Regarding eventual tapering of QE, Mike suspects that Chair Powell will use the press conference to indicate that this is now on the minds of officials, as hinted at in a very guarded way in the minutes from the FOMC’s April meeting. While many market participants are expecting an increase in either the reverse repo rate or IOER or both in order to nudge money-market rates slightly higher and minimize the risk of dropping into negative territory, Mike notes that some policymakers might be reluctant to make an adjustment at this time lest it be viewed as a policy tightening.

Ahead of the Fed, today will also bring news on housing starts, building permits and import prices during May. Regarding housing starts, Mike expects that strong demand and a lean inventory of homes for sale should lead to a solid gain in single-family starts after a light reading in April. So while multi-family activity could drop after two strong months, he still expects total starts to have increased by almost 4%M/M in May.

RBNZ adds debt serviceability restrictions to macro-prudential toolkit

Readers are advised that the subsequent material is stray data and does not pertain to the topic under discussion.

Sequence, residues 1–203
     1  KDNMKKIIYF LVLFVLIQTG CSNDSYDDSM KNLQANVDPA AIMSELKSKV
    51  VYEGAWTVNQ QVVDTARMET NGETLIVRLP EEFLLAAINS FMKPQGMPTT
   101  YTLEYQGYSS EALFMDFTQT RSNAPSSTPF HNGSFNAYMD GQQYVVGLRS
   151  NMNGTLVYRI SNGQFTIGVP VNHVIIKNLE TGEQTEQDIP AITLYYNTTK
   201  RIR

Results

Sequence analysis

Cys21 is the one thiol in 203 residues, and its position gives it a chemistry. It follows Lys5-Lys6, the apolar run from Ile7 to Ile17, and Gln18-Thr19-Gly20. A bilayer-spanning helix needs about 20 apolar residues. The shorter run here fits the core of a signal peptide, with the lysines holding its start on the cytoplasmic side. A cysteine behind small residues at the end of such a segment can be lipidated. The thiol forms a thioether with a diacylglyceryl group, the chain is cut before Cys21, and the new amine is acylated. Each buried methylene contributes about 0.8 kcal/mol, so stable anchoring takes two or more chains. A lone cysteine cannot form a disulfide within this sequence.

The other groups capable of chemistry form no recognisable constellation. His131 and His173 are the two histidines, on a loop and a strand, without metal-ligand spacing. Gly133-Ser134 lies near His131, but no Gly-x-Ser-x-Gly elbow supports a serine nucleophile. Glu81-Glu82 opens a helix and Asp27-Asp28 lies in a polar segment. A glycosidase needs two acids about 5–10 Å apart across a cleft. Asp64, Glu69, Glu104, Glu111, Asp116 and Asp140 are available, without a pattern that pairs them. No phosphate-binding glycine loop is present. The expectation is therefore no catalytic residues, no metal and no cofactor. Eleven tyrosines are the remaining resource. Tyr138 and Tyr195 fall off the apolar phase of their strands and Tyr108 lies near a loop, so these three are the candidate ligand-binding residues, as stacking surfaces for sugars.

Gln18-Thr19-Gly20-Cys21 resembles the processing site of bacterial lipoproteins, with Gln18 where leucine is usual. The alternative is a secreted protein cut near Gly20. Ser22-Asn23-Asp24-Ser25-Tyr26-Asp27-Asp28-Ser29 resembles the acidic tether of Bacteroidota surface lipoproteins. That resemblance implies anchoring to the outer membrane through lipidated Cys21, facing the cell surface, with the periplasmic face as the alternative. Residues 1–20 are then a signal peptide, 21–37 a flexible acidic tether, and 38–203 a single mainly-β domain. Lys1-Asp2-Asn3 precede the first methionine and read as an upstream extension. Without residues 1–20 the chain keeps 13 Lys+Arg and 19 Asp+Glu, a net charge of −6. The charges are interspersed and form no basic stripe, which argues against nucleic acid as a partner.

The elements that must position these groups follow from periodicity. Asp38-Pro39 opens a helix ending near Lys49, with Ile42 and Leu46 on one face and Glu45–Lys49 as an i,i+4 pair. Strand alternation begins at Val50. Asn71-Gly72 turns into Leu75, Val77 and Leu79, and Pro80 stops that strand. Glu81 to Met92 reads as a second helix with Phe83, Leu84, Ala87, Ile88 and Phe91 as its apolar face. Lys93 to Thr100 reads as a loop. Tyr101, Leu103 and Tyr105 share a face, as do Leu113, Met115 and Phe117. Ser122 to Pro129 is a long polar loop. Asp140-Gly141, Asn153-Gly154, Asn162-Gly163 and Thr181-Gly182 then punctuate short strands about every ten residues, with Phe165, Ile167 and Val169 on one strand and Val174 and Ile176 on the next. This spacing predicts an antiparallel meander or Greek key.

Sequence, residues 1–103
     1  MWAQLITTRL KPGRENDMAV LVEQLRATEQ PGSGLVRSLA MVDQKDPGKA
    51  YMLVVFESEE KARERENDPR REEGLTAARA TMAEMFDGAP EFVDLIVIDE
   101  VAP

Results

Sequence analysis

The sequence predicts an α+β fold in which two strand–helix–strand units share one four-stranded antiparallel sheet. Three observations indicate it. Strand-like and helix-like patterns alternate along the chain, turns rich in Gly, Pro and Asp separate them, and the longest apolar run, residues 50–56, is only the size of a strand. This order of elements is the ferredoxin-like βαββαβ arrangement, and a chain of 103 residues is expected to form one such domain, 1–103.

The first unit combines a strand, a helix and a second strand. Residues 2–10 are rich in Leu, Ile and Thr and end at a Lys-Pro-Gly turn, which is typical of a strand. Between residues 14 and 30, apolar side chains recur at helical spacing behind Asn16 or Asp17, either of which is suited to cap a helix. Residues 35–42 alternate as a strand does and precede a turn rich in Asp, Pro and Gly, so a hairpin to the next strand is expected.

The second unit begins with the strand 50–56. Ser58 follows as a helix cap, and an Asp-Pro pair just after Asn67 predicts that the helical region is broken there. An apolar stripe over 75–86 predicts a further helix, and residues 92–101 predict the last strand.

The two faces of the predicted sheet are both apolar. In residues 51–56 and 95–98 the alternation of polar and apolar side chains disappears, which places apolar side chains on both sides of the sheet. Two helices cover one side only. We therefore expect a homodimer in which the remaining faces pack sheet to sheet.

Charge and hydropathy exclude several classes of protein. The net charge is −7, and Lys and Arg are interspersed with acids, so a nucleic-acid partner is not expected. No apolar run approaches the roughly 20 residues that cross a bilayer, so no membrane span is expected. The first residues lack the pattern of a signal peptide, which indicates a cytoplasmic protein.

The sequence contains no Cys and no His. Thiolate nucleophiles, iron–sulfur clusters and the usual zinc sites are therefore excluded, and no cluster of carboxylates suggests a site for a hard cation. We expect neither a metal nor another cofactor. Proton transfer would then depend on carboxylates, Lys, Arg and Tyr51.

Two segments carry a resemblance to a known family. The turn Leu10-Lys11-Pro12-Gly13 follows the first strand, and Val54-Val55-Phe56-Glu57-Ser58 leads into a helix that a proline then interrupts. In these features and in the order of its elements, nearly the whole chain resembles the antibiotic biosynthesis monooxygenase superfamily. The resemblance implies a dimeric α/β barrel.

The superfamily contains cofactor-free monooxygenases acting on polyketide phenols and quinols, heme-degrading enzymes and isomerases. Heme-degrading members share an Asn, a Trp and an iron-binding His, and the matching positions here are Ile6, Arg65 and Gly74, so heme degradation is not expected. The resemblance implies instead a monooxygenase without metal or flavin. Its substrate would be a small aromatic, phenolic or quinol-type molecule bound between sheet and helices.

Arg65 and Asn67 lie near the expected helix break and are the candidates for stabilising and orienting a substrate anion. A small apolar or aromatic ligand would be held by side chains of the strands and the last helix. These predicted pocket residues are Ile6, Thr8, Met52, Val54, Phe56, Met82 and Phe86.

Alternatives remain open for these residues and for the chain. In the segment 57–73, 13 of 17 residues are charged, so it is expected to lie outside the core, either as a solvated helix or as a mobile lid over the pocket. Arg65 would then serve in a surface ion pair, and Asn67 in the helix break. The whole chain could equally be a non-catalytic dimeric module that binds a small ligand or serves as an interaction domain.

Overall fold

Faced with record levels of house price inflation, not least due to its own monetary policy settings, the RBNZ today announced that it had reached an agreement with the Minister of Finance to add debt serviceability restrictions to the range of macro-prudential tools it is able to deploy (loan-to-value ratio restrictions are already available and in use). In a press statement, the RBNZ said that its analysis had found that restrictions such as a debt-to-income (DTI) limit would impact investors most powerfully, while having limited impact on first home buyers, and would decrease the likelihood of mortgage defaults. The RBNZ will now work with the Treasury to update the wording for the Memorandum of Understanding, which will need to be approved by the Minister. Over the coming months that Bank will discussing with financial institutions the feasibility of implementing a DTI limit and other debt servicing restrictions. Any decision on implementing debt serviceability restrictions will be preceded by a full public consultation process, along with a Regulatory Impact Assessment, suggesting that their use is unlikely until at least the end of this year.